Here Are 13 Things I Have Learned During My Separation

My savior

Obviously, a time of separation gives you reasons to reflect on your life and relationship. Not all lessons are about the relationship itself. Some are useful in other situations. All have come with a lot of sadness, pain, and struggle. But good things, too. Some of you are on the run, to escape a real threat to your welfare. Others don’t have that layer of fear, but are still struggling with significant challenges including financial.

  1. There is such a thing as remote control memory. At home, we have the same remote upstairs and downstairs, one I’ve used for over a decade. Here, the remote is quite different. My fingers don’t naturally know the order of the buttons so I’m constantly opening the wrong screen, hitting the main menu button, and squinting at the remote to figure out where I did wrong. Don’t get me started on turning on and off close captions. E and I have an agreement that he’s in charge of the remote. This reduces my utterances of “Oh Fuck” when the telly is on.
  2. When you stay in a friend’s home for months, you pick up on things like how to use the washer, where the packages are delivered, which food is up for grabs. But what never changes in waking in the middle of the night and thinking, for just a brief second, that you are home. I still expect the dresser to be in a certain space. I expect to hear someone breathing. Then it comes rushing back and you simply shut it off so you can pee and return to your new bed without stubbing your toe.
  3. Lawyers can be compassionate and supportive, but damn – paying for anything by increments of 2.4 minutes is awful. Also, get a lawyer. You will need $3000-5000 for a retainer. That seems impossible for a lot of us. But it is absolutely essential. If you know someone who needs a lawyer, give what you can. Separation isn’t cheap, either.
  4. I wanted the cats of my friends to visit me, so I put catnip on a cat bed on my bed. They love me. Truly.
  5. Living in a house with two teenagers is wondrous. Also, loud.
  6. Taking things one day, hour, or moment at a time can work. You can lie down on Day 2 wondering WTF just happened to your life and wake up on Day 140 still determined to do everything and anything to have your rights respected. You may not succeed because the legal system isn’t fair, but you can keep trying. And the one day/hour/moment mindset keeps you from being overwhelmed. Separation from all that you know sucks.
  7. Ask for help to save yourself. Tell the true unadulterated story about your situation and ask for help. Accept the help. Keep asking. Keep accepting. One day, you’ll be the helper. But not today. And that’s just fine.
  8. Always have your documents ready to go – state ID, birth certificate, passport, etc. Put in an envelope and make sure someone knows where it is located. Give a set of copies to a trusted friend.
  9. Memorize at least three phone numbers of folx who will always answer their phone. My friend Sarah H. always answers her phone. This is good for most crisis situations. If I can reach her, she can reach other people for me. Separation from my cell phone doesn’t mean I’m disconnected.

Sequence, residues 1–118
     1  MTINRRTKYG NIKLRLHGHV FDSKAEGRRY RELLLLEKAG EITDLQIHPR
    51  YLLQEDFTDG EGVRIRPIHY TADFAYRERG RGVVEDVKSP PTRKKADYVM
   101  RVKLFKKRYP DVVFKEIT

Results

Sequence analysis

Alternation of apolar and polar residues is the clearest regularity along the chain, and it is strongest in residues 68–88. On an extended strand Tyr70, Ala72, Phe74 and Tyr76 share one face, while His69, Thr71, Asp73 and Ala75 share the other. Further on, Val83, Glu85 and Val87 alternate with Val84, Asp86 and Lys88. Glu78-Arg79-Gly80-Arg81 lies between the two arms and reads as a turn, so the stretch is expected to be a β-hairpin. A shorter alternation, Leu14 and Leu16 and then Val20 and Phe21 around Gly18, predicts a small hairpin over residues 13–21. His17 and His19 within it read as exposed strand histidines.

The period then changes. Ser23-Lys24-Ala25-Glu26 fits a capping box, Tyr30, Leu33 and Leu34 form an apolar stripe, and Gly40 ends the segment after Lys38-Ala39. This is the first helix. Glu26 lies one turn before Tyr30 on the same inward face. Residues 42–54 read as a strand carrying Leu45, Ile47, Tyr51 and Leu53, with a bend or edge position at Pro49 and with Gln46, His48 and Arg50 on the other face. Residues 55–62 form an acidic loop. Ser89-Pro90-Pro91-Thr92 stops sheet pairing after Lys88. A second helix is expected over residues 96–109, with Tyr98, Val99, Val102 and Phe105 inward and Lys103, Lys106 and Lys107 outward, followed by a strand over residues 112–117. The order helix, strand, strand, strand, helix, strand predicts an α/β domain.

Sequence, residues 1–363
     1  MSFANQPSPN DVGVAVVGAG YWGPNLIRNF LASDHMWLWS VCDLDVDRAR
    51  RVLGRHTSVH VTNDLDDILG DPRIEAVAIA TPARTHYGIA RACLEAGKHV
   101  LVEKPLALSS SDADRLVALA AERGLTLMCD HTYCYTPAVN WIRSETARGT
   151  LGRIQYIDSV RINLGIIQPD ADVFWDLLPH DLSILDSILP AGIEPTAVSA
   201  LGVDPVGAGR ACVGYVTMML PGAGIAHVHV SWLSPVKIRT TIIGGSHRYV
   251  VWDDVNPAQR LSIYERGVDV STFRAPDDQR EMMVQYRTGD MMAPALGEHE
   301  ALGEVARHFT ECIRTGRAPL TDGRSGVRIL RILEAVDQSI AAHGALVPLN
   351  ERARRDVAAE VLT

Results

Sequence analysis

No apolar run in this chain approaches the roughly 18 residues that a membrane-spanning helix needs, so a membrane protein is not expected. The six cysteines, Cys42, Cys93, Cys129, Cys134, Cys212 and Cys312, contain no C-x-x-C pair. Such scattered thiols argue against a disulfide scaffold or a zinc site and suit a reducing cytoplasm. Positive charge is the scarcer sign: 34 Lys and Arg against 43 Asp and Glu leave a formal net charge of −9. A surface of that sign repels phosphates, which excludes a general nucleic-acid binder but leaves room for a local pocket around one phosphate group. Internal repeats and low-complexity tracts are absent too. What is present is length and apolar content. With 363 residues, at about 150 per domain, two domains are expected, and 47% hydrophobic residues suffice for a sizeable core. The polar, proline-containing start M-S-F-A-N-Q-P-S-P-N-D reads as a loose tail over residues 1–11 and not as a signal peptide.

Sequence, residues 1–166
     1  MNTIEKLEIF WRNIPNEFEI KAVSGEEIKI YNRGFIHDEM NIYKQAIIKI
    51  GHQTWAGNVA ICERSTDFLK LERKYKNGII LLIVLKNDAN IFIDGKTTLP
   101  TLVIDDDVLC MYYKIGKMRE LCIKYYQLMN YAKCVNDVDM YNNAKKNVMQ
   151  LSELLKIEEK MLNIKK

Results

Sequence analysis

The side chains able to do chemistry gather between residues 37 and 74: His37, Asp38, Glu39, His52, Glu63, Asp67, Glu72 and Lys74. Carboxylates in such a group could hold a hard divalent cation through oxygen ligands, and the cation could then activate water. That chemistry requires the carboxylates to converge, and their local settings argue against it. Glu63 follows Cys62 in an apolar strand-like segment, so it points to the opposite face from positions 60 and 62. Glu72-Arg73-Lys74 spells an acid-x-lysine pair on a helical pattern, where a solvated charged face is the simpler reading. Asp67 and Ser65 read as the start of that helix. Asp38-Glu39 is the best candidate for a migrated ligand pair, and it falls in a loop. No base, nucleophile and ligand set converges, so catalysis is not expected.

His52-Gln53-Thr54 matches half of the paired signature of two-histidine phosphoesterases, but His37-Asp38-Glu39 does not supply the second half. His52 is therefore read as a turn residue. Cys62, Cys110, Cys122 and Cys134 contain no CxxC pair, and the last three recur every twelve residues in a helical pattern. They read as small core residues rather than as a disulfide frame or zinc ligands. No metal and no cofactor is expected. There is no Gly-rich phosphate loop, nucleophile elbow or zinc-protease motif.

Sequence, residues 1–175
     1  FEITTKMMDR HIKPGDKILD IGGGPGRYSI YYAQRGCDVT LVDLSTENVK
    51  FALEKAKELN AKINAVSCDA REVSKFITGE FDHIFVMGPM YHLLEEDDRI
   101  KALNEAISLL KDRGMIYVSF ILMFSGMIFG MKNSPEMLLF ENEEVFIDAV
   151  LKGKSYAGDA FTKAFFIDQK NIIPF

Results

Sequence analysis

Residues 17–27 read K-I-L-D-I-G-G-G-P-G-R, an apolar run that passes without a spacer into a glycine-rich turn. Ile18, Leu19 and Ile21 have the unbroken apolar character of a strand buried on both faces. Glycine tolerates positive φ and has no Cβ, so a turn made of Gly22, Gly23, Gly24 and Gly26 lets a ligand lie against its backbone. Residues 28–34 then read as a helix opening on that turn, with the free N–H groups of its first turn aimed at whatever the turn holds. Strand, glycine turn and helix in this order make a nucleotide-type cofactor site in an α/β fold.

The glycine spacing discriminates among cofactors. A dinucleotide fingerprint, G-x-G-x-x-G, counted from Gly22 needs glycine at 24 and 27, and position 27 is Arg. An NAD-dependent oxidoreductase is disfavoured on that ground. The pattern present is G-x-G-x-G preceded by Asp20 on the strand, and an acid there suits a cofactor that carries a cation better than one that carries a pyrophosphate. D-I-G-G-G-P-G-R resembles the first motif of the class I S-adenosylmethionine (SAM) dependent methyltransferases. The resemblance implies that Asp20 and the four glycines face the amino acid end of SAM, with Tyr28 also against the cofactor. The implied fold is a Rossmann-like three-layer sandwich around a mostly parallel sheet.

10. Learn your legal rights and fight like hell for them. It might take months. It is essential you don’t give up. Also, a tactical retreat is not the same thing as giving up. There’s no such thing as common law marriage in Pennsylvania. The Commonwealth still has an anti-LGBTQ marriage law on the books. Pennsylvania does not have a legal status of separation, but it does use the term in Family Court. Learn these things. Don’t assume. It isn’t fair and it isn’t always just. But it IS happening and you need to wrap your mind around it.
  11. Get paper copies of everything -legal documents, medical paperwork, everything. If you can scan into the cloud, great.
  12. People will inundate you with advice, especially the “programs” they’ve heard about where you get a pro bono lawyer, cheap housing, lots of food, and the ongoing chance to grovel. Don’t listen to them. Call the programs – 211, Just Harvest, ACTION Housing, Pgh Food Bank, etc. Get on Facebook and post in the mutual-aid groups. There are sources of help, but poverty survival tactics and trauma survival tactics are not intuitive. Find people who know what they are talking about, not someone with a perception of what they should be. When I went the pro bono legal clinic, I knew that they had limited jurisdiction. The lawyer who took my PFA case was great, but blunt – get a lawyer she said. People who have direct experience, know. People who think they know, probably don’t.
  13. There is no gesture so humbling as a 12 year old giving you his bunk bed and sleeping on the living room floor, without complaint, for months. It changes your heart. It changes you.

Learning moment to moment has been helpful. Stopping to think about it at this point in time is comforting and frightening. We never talk about these things. We keep them tightly bound to protect ourselves, but really to avoid facing hard truths.

My journey since August has been bumpy. Each time things go down, I breathe deeply until they go up again. I try not to succumb to the fear, sadness, and grief but I don’t ignore them.

I cry. Alone at night in bed. Weep is perhaps a better term.

My goal right now is to get back to my home and care for my cats. Whatever comes next will have to wait until I accomplish this. So I don’t worry about it.

You may be separated in time and distance from your family, your home, and what seems like your whole life. As you knew it. But you are strong, the CEO of your life so to speak. You got yourself to this point. You’ve got this.


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